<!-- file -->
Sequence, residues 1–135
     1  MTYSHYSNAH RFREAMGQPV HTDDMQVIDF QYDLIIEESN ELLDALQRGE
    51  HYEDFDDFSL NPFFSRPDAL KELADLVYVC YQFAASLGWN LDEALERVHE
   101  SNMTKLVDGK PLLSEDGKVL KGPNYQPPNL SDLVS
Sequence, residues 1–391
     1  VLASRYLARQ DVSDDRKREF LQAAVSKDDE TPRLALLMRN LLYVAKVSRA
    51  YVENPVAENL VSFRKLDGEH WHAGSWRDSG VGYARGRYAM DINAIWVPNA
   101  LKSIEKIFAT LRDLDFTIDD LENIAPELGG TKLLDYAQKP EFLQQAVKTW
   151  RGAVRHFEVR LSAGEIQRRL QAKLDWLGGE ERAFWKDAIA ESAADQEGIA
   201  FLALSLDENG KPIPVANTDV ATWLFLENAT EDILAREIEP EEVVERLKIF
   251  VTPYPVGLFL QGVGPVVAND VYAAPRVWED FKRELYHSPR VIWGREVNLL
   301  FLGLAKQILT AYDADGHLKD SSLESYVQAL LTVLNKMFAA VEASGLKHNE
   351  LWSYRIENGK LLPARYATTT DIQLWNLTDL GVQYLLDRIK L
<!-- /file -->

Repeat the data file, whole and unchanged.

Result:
Sequence, residues 1–135
     1  MTYSHYSNAH RFREAMGQPV HTDDMQVIDF QYDLIIEESN ELLDALQRGE
    51  HYEDFDDFSL NPFFSRPDAL KELADLVYVC YQFAASLGWN LDEALERVHE
   101  SNMTKLVDGK PLLSEDGKVL KGPNYQPPNL SDLVS
Sequence, residues 1–391
     1  VLASRYLARQ DVSDDRKREF LQAAVSKDDE TPRLALLMRN LLYVAKVSRA
    51  YVENPVAENL VSFRKLDGEH WHAGSWRDSG VGYARGRYAM DINAIWVPNA
   101  LKSIEKIFAT LRDLDFTIDD LENIAPELGG TKLLDYAQKP EFLQQAVKTW
   151  RGAVRHFEVR LSAGEIQRRL QAKLDWLGGE ERAFWKDAIA ESAADQEGIA
   201  FLALSLDENG KPIPVANTDV ATWLFLENAT EDILAREIEP EEVVERLKIF
   251  VTPYPVGLFL QGVGPVVAND VYAAPRVWED FKRELYHSPR VIWGREVNLL
   301  FLGLAKQILT AYDADGHLKD SSLESYVQAL LTVLNKMFAA VEASGLKHNE
   351  LWSYRIENGK LLPARYATTT DIQLWNLTDL GVQYLLDRIK L